10 Step Guide to Selling a Residential Property in Ireland

10 Step Guide to Selling a Residential Property

Although selling a property is thought to be less stressful than buying a property, there is still a lot to be done during the conveyancing process. To help you understand what to expect, take a look at our 10 step guide to selling a residential property.

Please note – this guide begins from the moment you accept an offer from a buyer. There are other legal requirements that you must meet before this. For example, when you put your property up for sale, you must have a Buildings Energy Rating (BER) certificate.

In Ireland, you can also sell your property at auction. The process is a little different to the one described below.

Guide to selling a property in Ireland

  1. Instruct a solicitor

When you have an offer accepted on your property, instruct a conveyancing solicitor straightaway. You can even contact a solicitor before a sale is agreed. That way, the title deed and contract of sale can be prepared ahead of time.

  1. Obtain the title deed

If you do not have a mortgage, you can provide your solicitor with the title deeds. If you still have a mortgage on your property, you will need to authorise your solicitor to obtain the title deeds from the lender.

  1. Gather the necessary information

Your solicitor will then ask you to fill out various forms and provide an array of documents. Amongst others, these include: copies of your passport, driving licence, marriage certificate (if applicable), proof of address, BER certificate and Personal Public Service (PPS) number.

  1. Organise planning permissions

If your property has been extended or altered (either by you or the previous owners), you need a certificate confirming that the works comply with regulations. If you cannot provide this, your solicitor will arrange an architect’s certificate for you.

  1. Prepare the contract of sale

Your solicitor will examine the title deeds, planning permissions and verify other details with you – such as whether there are any rights of way affecting the property. Once everything is in order, your solicitor can prepare the contract of sale and send it to the buyer’s solicitor.

  1. Respond to queries and exchange contracts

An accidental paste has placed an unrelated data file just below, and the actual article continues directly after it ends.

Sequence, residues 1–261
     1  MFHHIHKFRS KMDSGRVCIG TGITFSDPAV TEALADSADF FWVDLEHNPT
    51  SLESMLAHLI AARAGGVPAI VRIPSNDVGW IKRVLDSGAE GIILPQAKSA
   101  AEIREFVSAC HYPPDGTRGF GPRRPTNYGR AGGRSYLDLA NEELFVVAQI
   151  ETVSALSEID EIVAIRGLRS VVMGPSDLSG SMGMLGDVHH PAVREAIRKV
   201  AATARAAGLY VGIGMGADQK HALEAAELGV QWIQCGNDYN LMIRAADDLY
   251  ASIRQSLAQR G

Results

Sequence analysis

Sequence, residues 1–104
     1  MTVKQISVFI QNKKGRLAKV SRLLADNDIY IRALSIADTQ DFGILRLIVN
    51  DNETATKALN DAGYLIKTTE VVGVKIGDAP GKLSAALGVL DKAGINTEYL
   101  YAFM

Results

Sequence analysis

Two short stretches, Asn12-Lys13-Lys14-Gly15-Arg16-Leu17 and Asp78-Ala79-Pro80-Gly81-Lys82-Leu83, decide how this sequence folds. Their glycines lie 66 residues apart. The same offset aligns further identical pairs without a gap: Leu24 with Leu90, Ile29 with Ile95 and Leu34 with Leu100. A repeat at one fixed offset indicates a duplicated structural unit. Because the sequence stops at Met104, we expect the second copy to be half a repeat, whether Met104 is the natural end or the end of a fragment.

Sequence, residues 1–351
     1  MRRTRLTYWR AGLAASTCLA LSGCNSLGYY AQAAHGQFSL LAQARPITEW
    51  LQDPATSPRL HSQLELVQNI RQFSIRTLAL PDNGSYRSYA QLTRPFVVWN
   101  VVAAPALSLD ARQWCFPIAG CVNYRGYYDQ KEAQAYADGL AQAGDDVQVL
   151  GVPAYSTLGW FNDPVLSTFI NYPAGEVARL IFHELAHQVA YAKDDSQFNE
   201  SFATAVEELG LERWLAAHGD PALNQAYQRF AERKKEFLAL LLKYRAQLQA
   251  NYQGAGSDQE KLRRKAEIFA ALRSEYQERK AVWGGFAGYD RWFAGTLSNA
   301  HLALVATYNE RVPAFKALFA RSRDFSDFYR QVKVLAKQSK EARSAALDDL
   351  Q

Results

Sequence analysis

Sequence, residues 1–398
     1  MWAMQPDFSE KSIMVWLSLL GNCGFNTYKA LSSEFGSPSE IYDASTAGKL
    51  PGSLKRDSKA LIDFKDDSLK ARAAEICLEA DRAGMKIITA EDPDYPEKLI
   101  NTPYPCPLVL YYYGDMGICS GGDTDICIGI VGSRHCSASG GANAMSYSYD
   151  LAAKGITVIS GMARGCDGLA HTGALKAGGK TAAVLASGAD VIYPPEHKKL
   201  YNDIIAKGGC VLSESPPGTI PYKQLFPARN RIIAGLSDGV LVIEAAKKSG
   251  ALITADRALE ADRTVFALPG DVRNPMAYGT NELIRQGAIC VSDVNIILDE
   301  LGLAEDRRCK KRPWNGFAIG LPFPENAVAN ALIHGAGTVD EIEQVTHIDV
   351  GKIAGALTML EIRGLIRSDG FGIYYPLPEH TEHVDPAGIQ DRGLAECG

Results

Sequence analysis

At this stage, it is likely that the buyer will have some questions. Your solicitor will respond to these queries. When these have been dealt with, the buyer signs the contract and returns it to your solicitor, along with the deposit. Once you sign the contract, it is legally binding.

  1. Prepare closing documentation

The final documents needed to close the sale can then be drafted. If the buyer has any questions about the title, your solicitor will answer these. Your solicitor will also get a final redemption figure from your mortgage lender.

  1. Respond to closing day queries

A date will be set for closing day. You must have vacated your property by this date. You need to take final meter readings before you leave. The buyer’s solicitor will carry out final checks on closing day. If there are any further queries, your solicitor will respond to these.

  1. Release the keys

Once your solicitor has received the purchase monies from the buyer’s solicitor, the keys can be given to the buyer, along with the original title deeds and any other documents required.

  1. Discharge the mortgage and transfer sale proceeds

Your solicitor will then discharge the mortgage and transfer you the sale proceeds, minus any other costs – such as legal fees.

Property solicitors Ireland

If you are looking for a solicitor to help you sell a property in Ireland, please contact us at Mullins & Treacy LLP Solicitors. We are client focused and results driven.

Call us on 051 391 488 or email reception@mullinstreacy.ie for a no obligation enquiry.

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